North Korea and Hollywood: the Perfect Holiday Storm

26 December 2014, 1307 EST


A perfect storm is defined as an event in which a rare combination of circumstances results in an event of unusual scale and magnitude. 9-11 is a classic, and tragic, perfect storm. This December the world has witnessed another perfect storm involving the confluence of culture and foreign policy: the bizarre North Korean hacking of Sony and the scare that arrived just in time for the holidays for millions of Americans.

Not since the Danish publication of a cartoon that Muslims viewed as an insult to Islam has a confluence of this kind had such serious consequences. The Sony executives, who made the spoof film involving a comedic sendup of North Korean repression that ended in an assassination of its sitting leader Kim Jong-un, cannot be faulted for making the film that North Korea took such exception to. But by filming a scene in which the dictator’s head explodes, they crossed a line and all but invited hacker retaliation.

Sony’s internet defenses were surprisingly low, given a previous and rather damaging cyber penetration of its networks. But Sony’s greatest error was actually to take the threat of terrorism from the North Korean hackers on U.S. movie theaters showing the film seriously. Instead of standing up for freedom of expression (and protecting its investment), along with the major movie theater chains it caved.

In one fell swoop of mind numbing ineptitude, together they did more to empower the international pariah North Korea than anything in recent memory. In so doing they handed North Korea a foreign policy victory of sorts, certainly ensuring that it succeeded in striking fear into the hearts of a large swathe of average Americans just in time for the holidays. A little strategic foreign policy advice would have gone a long way.

Sony did not cancel the release of “The Interview” for publicity purposes; it already had plenty of that. Sony did so because it failed to understand that the threats from the hackers should not have been taken seriously, that neither the hackers nor North Korean agents have the capability to carry out violence on American movieplexes. Nor did it understand the nature of the rogue regime of North Korea. This may have been too much to expect of it, but it was receiving advice not to cower to the overblown threats.

Not only did Sony and the corporate movie chieftains allow North Korea to scare the pants off of everyone, but they also managed to empower hackers everywhere to launch a new era of violating freedom of expression norms in western societies, one that would also have major negative economic implications as well. The U.S. media and many of its major commentators further enflamed the situation by slapping the “terrorism” moniker on the situation, as well as overhyping the “cyber war” being waged by North Korea’s hackers—handmaidens all, in helping them to sow fear across the American heartland.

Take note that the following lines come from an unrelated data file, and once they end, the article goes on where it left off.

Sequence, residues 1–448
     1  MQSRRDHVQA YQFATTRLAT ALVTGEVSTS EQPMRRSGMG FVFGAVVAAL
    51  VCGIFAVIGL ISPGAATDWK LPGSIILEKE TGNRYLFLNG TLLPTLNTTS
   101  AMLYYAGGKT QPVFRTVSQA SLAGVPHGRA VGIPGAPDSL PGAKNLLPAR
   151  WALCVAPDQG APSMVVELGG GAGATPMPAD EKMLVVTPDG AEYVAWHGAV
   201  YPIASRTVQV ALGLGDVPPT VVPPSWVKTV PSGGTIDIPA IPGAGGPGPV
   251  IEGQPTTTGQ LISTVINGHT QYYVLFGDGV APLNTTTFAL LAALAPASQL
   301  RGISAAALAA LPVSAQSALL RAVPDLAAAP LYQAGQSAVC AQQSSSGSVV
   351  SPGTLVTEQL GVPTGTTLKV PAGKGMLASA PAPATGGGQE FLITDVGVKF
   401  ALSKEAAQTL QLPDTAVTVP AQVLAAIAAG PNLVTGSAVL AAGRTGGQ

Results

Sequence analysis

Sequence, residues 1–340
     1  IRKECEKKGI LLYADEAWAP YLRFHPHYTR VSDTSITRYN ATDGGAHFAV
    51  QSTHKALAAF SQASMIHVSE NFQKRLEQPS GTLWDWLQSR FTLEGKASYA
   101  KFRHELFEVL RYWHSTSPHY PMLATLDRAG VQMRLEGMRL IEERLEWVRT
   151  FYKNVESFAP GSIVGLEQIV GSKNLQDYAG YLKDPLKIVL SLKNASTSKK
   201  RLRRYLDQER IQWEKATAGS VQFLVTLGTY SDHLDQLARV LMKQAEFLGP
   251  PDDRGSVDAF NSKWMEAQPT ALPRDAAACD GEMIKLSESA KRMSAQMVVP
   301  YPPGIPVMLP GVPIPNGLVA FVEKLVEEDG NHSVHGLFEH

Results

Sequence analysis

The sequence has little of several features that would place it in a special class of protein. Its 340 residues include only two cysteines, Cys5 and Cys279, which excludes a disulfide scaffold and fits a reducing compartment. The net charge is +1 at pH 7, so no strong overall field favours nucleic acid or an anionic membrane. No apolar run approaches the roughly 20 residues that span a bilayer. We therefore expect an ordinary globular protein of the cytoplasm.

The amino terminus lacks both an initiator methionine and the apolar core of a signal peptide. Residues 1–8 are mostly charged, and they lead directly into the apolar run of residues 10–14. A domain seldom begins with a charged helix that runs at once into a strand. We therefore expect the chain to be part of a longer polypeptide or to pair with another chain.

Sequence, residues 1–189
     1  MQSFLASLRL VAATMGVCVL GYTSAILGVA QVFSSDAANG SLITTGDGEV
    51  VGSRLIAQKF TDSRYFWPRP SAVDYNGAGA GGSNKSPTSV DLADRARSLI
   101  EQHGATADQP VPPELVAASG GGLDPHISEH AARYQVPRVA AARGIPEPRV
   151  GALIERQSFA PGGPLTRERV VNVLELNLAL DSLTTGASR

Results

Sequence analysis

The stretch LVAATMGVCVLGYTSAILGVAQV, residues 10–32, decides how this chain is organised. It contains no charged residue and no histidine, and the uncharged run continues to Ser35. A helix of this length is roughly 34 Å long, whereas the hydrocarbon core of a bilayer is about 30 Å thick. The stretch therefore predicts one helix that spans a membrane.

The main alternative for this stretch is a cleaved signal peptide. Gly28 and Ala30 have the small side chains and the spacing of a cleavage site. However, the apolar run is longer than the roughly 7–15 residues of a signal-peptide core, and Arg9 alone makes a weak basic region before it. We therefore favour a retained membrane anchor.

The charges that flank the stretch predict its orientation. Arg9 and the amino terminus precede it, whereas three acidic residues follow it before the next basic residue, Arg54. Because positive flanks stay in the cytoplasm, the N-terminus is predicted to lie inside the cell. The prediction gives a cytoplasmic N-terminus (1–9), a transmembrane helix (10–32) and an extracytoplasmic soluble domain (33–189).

Sony’s moves forced the U.S. government to respond with a larger and more public proportionate response than it otherwise may have needed to. The U.S. not only did not deny shutting down the internet in North Korea just before Christmas, the White House spokesperson was even coyly suggestive in his non denial. It was a deft response, appropriately proportionate. Had the hack and subsequent threats actually amounted to terrorism or war, you can bet the U.S. response would have been much harsher.

What seems to have been missing from all the media coverage and commentary is the sizable red herring in all of this. The powers that be in North Korea were not as motivated by the hapless American cultural satire of their regime as by their desire to avoid being indicted by the International Criminal Court in The Hague. Last month the United Nations General Assembly by overwhelming majority (116 to 20) to refer North Korea to the ICC for crimes against humanity. Moreover, last week the UN Security Council voted to add North Korea’s dire human rights record to its formal agenda, suggesting it will soon sanction North Korea in some fashion.

The most striking piece of evidence that North Korea desperately wanted to avoid any action by the ICC was its sudden release of its two American prisoners in the weeks ahead of the UN action. It was doing all it could to avoid not just criticism of its woeful human rights record, but also any consequential action against it. Unable to stall this action, North Korea used the Sony film as a pretext for extracting revenge on the West while simultaneously successfully distracting attention from the international justice efforts against it.

Regrettably, in a collective sense the U.S.—led by Sony—played right into the hands of North Korea: the movie still is not in full release; North Korea is feared across the world; and the news of justice to its detriment is buried. At least further action against North Korea is highly likely, and the U.S. managed to send a clear message: if any actor tries to do this again, it will be shut down. This action has a deterrent effect, with some useful added symbolism that this could, if necessary, apply not only to cyber threats but also military threats.

Have a happy, and safe, holiday everyone.